Editor's Commentary to "Miss Cow Falls a Victim to Mr. Rabbit"
In this tale, Brer Rabbit tricks Miss Cow in order to steal her milk for his family. Harris
gives the reader the background information of the interaction between Brer Rabbit and Miss Cow--namely that Miss Cow has been miserly with her milk and has
even refused Brer Rabbit's plea for milk to nurse his sick wife. This tale also gives the reader a very conflicted reading of Brer Rabbit. When he first approaches Miss Cow, he is weak with thirst and we are able to sympathize with his need for the milk
. However, when he tricks Miss Cow into butting her horns into the tree and getting stuck in order to milk her dry, we aren't quite sure what to make of his actions. If he'd taken enough milk to refresh himself and moved on, we might be able to understa
nd his behavior. However, the fact that he takes so much more than is actually needed (so much more, in fact, that he must call on his family to help him transport it) makes him seem greedy and malicious. Our opinion shifts when Miss Cow tries to trick
Brer Rabbit so that she may trap him and make him answer to his treatment of her. Despite what we might think about his actions in milking her dry, we admire his cunning in eluding her.
The story also has an interesting racial interpretation. We can interpret Miss Cow as the
privileged white society matron with enough to feed herself and others. Brer Rabbit can be interpreted as the black character who works hard and still finds it d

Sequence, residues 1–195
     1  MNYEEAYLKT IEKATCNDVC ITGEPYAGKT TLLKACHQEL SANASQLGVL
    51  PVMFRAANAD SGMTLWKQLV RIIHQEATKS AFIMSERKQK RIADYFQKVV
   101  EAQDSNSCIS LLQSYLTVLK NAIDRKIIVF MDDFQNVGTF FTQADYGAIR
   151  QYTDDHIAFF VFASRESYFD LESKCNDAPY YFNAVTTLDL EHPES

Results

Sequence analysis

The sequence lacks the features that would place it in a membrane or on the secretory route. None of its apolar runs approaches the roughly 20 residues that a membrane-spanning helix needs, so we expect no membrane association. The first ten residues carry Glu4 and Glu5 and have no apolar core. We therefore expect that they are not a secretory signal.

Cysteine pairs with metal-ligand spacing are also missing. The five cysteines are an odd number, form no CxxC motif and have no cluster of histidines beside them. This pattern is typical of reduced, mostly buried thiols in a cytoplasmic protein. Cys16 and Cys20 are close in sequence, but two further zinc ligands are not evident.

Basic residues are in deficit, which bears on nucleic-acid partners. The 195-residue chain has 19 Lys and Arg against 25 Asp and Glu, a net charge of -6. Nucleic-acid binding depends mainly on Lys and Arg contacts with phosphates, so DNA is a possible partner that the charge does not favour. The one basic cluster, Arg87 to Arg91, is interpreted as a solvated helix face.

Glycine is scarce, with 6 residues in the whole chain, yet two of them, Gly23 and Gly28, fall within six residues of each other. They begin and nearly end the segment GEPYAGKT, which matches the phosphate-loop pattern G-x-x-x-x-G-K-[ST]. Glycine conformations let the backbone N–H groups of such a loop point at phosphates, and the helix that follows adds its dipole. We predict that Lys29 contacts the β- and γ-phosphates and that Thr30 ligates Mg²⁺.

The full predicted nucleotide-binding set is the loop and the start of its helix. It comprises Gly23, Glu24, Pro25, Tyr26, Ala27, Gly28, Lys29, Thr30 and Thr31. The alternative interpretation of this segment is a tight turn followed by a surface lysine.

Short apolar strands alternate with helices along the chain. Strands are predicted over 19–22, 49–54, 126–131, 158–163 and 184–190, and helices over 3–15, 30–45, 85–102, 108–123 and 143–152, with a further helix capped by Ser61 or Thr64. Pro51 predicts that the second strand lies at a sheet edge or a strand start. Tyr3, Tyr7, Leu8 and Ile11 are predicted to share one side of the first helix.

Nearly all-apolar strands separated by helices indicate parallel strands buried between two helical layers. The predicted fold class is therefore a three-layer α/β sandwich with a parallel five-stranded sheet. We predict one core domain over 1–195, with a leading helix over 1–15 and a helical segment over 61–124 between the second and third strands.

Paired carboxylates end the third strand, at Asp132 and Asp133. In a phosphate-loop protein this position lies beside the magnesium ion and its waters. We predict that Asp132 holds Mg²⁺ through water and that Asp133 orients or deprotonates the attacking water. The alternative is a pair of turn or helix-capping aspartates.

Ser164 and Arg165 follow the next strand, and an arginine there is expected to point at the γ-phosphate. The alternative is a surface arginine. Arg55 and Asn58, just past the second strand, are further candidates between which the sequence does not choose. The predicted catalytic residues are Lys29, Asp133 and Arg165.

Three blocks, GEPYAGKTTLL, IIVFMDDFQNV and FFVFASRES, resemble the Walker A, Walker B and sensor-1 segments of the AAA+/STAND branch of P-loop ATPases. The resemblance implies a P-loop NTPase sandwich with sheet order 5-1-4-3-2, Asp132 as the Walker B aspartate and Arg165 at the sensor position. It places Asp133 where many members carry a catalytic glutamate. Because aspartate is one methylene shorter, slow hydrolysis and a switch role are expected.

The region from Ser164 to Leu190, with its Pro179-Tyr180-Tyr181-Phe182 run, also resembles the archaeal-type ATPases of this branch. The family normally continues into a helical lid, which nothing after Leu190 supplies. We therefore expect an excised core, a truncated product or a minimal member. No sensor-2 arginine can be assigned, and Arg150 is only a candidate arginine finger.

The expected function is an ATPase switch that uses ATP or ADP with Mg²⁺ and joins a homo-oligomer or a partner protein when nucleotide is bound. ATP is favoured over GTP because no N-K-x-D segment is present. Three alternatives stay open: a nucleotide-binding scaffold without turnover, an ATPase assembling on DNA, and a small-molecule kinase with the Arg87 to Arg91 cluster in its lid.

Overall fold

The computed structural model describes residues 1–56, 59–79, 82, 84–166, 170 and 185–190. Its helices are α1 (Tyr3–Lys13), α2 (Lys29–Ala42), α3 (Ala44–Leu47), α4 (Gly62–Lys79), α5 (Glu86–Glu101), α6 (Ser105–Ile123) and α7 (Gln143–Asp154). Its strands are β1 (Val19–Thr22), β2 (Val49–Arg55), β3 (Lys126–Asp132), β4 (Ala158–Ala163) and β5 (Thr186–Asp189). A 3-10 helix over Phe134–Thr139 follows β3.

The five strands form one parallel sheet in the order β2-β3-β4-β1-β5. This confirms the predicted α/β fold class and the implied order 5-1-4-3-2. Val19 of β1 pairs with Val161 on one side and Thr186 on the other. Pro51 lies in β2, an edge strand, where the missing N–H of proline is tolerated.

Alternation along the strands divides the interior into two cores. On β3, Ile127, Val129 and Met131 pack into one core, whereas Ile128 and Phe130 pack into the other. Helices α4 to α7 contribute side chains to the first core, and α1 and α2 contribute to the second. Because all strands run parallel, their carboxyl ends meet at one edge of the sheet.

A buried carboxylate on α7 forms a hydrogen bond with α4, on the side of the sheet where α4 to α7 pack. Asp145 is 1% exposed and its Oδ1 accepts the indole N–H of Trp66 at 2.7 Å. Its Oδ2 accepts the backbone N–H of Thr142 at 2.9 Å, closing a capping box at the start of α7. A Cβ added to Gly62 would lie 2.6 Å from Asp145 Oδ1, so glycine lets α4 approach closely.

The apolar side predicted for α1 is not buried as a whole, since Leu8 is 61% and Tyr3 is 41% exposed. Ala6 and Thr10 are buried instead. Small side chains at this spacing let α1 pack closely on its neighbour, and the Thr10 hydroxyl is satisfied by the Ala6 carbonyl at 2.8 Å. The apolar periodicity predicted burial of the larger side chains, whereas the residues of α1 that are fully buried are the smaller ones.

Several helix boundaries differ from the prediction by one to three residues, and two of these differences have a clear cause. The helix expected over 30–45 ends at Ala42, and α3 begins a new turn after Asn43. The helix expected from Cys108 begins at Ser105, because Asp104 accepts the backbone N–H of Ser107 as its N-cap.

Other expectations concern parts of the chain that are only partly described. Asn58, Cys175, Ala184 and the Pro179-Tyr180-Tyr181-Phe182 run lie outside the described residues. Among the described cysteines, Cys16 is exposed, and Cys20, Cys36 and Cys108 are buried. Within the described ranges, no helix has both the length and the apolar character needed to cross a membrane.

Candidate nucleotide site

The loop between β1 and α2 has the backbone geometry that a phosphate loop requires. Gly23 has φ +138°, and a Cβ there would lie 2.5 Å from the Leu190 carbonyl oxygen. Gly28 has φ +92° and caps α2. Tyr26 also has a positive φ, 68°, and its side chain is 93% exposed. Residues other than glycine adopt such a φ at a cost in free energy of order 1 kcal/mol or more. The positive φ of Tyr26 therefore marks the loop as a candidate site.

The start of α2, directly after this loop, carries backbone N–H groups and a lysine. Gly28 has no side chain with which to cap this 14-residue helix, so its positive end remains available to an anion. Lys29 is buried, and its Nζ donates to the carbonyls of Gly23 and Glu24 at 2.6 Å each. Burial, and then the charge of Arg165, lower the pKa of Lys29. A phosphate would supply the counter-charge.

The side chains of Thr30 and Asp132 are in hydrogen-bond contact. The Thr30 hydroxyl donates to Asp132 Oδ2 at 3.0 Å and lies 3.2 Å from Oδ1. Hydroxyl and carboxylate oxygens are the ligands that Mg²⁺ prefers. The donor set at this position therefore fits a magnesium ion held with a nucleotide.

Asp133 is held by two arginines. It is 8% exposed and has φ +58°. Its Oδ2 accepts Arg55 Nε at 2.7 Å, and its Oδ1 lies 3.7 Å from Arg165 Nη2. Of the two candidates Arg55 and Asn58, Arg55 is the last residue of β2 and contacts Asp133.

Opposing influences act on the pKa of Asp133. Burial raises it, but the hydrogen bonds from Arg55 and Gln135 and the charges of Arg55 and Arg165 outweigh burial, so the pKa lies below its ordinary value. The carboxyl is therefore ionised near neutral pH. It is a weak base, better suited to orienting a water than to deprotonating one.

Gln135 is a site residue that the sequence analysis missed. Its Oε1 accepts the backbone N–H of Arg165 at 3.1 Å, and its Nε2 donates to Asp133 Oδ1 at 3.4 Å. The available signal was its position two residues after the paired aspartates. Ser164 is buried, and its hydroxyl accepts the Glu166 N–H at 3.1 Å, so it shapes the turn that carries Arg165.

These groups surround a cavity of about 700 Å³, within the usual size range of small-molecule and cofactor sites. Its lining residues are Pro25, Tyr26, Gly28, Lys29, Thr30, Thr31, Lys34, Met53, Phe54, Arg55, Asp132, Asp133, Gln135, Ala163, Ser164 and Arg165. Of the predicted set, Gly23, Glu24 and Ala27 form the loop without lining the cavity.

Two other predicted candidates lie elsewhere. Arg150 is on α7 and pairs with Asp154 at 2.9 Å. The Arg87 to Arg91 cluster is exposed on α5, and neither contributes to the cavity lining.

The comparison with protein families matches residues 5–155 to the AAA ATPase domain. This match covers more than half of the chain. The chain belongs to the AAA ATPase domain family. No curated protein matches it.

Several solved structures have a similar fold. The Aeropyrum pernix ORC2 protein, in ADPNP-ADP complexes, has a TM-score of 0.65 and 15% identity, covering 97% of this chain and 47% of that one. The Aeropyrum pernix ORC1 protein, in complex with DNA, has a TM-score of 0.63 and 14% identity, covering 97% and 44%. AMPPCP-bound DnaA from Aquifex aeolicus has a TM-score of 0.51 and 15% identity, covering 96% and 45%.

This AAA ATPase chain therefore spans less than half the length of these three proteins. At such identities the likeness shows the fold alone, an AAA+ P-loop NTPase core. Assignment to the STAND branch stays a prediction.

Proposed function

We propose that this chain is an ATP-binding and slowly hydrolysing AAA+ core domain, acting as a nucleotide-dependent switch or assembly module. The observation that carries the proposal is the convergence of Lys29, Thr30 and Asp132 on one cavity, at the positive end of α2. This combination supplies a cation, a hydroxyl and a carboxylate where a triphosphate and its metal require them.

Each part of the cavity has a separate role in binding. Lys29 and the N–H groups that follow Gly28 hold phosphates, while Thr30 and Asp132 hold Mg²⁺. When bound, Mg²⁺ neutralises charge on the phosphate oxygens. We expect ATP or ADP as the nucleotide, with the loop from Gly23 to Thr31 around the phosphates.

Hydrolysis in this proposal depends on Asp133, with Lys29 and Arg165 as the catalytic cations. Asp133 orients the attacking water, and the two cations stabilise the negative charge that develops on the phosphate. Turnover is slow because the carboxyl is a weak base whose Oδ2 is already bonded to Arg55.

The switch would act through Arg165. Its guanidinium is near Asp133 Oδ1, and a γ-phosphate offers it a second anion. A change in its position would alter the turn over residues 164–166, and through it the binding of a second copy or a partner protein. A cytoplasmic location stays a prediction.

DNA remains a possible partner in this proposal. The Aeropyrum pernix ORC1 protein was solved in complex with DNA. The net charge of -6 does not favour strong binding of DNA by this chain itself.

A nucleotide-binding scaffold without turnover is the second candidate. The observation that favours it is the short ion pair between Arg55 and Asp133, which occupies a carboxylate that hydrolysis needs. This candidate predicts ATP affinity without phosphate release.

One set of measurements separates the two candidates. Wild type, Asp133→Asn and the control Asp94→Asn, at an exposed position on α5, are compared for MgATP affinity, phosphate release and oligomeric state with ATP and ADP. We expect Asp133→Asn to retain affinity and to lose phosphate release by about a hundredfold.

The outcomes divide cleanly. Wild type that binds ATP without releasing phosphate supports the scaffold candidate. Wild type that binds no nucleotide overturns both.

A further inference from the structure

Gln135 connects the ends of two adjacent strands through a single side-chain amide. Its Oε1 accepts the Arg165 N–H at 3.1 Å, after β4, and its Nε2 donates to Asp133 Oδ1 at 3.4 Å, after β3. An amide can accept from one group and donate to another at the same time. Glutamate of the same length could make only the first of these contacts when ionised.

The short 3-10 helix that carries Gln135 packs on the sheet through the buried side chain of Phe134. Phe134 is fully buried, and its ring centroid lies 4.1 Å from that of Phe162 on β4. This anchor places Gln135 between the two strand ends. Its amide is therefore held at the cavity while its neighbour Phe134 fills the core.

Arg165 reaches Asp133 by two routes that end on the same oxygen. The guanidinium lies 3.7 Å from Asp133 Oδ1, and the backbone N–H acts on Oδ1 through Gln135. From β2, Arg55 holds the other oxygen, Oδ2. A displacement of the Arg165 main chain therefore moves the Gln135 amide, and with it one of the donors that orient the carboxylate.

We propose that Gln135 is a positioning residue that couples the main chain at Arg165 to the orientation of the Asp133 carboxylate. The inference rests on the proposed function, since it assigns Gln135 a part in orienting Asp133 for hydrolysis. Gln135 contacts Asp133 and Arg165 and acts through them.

ifficult to provide enough for his large family. In this fashion, the miserly qualities of Miss Cow assume a negative connotation, while the reader sympathizes with Brer Rabbit's efforts to provide for his family. This interpretation shows a stark dispa
rity between the material wealth of white society and the economic oppression of black society. However, when Brer Rabbit traps Miss Cow and milks her dry, the reader can interpret the act as a bodily violation of Miss Cow by Brer Rabbit--a rape of sorts
. This idea of a white woman's violation by a black man was a recurring fear in Southern society--the lynching of Emmet Till in the 1960's resulted from a white woman's claims that the fourteen- year old Till had looked at her "lustfully." The violation
of a woman in Southern society typically engendered a response from her husband or a male member of her family, as was the case in the lynching of Emmet Till. In this tale, Miss Cow enlists the aid of her spouse, Brer Bull, in order to capture Brer Rabb
it. While it is difficult for the reader to admire Brer Rabbit's actions in stealing all of Miss Cow's milk, the reader supports his cunning in eluding Brer Bull and Miss Cow. In this way, the tale takes on a larger role in documenting the racial dynamics
of Southern society.
Directory of scanned stories
Preceding analysis (Too Sharp)
Next analysis (Fisherman)
Table of Contents